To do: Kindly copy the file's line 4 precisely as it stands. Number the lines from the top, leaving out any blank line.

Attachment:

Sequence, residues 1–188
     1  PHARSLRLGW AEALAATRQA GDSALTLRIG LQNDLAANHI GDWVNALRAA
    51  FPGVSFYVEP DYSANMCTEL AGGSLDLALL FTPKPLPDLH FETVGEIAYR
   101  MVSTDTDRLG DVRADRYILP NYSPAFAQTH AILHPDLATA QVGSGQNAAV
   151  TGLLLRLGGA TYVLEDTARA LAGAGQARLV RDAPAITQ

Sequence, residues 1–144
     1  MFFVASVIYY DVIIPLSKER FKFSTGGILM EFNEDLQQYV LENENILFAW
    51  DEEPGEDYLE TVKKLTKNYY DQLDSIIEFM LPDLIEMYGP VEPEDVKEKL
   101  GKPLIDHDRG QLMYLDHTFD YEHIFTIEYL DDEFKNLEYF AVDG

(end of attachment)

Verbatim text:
   101  MVSTDTDRLG DVRADRYILP NYSPAFAQTH AILHPDLATA QVGSGQNAAV